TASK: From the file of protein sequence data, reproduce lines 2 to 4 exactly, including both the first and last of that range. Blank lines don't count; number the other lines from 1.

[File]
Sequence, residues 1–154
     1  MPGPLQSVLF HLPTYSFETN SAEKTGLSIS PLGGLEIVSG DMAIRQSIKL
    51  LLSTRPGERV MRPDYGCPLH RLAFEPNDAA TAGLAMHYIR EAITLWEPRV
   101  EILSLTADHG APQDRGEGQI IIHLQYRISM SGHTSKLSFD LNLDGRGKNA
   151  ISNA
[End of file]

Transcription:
     1  MPGPLQSVLF HLPTYSFETN SAEKTGLSIS PLGGLEIVSG DMAIRQSIKL
    51  LLSTRPGERV MRPDYGCPLH RLAFEPNDAA TAGLAMHYIR EAITLWEPRV
   101  EILSLTADHG APQDRGEGQI IIHLQYRISM SGHTSKLSFD LNLDGRGKNA